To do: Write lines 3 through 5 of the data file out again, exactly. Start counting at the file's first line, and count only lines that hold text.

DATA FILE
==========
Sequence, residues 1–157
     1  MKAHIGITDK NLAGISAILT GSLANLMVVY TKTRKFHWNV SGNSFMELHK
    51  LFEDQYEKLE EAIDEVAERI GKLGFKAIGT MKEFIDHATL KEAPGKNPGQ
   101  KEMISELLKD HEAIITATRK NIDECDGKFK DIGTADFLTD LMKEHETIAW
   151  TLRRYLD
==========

    51  LFEDQYEKLE EAIDEVAERI GKLGFKAIGT MKEFIDHATL KEAPGKNPGQ
   101  KEMISELLKD HEAIITATRK NIDECDGKFK DIGTADFLTD LMKEHETIAW
   151  TLRRYLD